School faces financial crisis, over 800 children sent home
By Anita Roberts
Unless the Ministry of Education and Training (MoET) meets the financial demands of Ecole Saint Jeanne D’Arc, over 800 children from the primary school will not resume classes, said Principal Merani Johanin.
Classes at the government assisted school in Port Vila have been put on hold since Monday this week as the school tries to resolve its financial crisis.
There are only two weeks left before the next school break, but the school cannot continue to pretend that it is not suffering financially due to the current COVID-19 situation when in fact it is true, the principal stressed.
“COVID-19 was not part of our budget plan this year. We (the school) have exhausted our budget in developing the home school packages,” he said.
“It costs a lot for a school like mine with a large enrollment to develop the home packages.”
Like other schools throughout the country, Ecole Saint Jeanne D’Arc needs the annual grant from the Ministry of Education and Training (MoET) to keep operating.
Principal Johanin said the school has already provided its application for the next grant but the MoET is taking too long to release the funds.
“The school’s tuition fee structure has not been approved. Tuition fee is one of the sources of income for the school.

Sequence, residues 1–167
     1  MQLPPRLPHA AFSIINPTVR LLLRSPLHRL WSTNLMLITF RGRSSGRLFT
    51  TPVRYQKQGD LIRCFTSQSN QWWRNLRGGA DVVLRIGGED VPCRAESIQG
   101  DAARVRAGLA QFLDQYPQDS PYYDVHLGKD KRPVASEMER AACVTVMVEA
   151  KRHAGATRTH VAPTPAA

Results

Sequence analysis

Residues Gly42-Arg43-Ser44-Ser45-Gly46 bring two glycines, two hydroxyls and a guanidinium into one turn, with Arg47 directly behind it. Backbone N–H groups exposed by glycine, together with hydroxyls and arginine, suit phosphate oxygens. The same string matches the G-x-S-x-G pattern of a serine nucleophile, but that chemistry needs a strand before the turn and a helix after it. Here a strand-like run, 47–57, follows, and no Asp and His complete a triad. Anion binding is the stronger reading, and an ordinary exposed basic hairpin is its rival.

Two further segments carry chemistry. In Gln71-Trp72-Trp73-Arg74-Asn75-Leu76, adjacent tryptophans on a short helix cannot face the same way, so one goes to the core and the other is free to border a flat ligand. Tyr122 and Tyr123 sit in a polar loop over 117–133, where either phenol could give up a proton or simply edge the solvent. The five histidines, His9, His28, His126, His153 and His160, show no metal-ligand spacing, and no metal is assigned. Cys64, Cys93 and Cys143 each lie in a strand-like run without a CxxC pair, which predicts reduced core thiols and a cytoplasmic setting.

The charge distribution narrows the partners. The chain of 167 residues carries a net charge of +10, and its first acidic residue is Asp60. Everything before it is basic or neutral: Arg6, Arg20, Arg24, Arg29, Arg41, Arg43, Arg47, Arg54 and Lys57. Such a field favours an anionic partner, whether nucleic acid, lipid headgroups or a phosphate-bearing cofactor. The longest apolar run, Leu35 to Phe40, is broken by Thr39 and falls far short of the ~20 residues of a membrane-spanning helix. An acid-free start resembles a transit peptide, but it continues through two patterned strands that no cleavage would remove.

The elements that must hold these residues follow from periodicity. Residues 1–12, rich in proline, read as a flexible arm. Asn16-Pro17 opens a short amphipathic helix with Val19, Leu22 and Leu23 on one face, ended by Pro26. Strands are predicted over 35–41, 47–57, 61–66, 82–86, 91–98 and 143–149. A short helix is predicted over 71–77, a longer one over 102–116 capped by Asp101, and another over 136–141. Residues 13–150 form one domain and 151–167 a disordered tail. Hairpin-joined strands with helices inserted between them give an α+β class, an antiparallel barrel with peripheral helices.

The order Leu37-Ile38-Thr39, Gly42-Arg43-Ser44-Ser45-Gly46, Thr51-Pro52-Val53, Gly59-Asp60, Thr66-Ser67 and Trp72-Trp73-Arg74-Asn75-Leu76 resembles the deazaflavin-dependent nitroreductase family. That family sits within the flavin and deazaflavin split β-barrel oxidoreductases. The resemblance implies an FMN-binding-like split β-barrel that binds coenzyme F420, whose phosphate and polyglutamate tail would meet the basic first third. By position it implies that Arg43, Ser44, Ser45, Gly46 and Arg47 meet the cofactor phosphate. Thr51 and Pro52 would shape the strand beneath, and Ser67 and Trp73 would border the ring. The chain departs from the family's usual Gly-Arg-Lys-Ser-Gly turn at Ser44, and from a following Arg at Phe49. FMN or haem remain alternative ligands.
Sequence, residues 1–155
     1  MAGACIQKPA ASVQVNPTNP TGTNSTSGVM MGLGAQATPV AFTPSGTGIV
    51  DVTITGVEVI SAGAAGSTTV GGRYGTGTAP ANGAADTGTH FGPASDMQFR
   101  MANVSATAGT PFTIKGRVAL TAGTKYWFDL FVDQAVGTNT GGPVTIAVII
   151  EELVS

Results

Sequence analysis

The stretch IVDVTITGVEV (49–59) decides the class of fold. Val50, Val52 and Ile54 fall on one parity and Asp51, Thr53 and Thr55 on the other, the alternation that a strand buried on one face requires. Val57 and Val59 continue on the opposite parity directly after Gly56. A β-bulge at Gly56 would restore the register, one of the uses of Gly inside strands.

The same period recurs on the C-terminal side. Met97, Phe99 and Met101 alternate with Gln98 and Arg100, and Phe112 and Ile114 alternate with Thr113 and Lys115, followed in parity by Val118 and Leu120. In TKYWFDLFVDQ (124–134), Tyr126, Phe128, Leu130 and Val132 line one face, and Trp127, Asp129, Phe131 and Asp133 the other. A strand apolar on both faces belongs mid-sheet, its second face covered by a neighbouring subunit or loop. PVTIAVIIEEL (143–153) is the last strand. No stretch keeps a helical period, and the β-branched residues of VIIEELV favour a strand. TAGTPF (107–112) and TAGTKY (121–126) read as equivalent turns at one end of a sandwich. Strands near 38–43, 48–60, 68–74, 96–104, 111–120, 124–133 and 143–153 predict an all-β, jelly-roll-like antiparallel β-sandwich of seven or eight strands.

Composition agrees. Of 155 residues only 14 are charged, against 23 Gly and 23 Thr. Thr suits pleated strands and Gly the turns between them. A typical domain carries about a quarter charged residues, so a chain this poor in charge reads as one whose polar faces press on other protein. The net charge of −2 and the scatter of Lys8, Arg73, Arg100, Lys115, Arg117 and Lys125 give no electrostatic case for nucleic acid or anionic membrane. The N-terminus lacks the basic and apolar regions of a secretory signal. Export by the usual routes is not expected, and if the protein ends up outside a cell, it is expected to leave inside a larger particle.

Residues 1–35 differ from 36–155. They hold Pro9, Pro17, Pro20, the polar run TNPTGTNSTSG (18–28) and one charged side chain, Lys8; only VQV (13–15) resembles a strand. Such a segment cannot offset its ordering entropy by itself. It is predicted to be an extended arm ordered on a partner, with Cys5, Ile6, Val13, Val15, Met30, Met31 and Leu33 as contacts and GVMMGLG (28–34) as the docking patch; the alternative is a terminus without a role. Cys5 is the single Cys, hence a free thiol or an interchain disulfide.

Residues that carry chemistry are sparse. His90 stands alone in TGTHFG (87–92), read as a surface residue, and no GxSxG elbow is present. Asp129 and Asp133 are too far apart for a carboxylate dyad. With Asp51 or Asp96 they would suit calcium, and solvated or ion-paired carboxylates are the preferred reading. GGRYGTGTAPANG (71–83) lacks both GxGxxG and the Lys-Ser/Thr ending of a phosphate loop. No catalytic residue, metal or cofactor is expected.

“The stimulus package should cover the homes school package costs but primary schools and kindergartens are not entitled to this.”
Operated under the Catholic Education Authority (La DEC), Ecole St Jeanne D’Arc also enrolls early childhood learners.
Director of La DEC, Simon Bangus, said the school has been facing financial stress since 2017 and COVID-19 crisis has made the situation worse.
He assured parents that they are negotiating with the MoET to sort out the issue for classes to resume.
Apart from Ecole St Jeanne D’Arc, other schools are also facing similar challenges.
For example, Ulei Junior Secondary School in north Efate has issued a notice on July 31 to parents not to send children back to school yet as the school is facing shortage of funds and cannot meet its expenses.
Ulei Junior Secondary School stressed that it is still waiting to receive subsidy funds from the economic stimulus package as promised by the government.
A decision is yet to be made concerning the school fee structure and whether students will not resume or not resume classes until after two weeks break.
Meanwhile in a statement issued yesterday, the MoET said principals and school councils must get approval before closing doors due to reasons relating to finance.
“Everyone should be reminded that teaching and children’s learning is always priority compared to school development projects in this current crisis,” the MoET stated.
“Principals and school councils must ensure children continue learning.”
All principals and school councils are reminded to follow the process and meet the requirements in place in order to access the next grant and all information should be provided through the Open VEMIS.
The MoET conveyed that it is also reviewing school fee structures that were submitted this month and has urged school authorities to submit fee structures before August 21, 2020.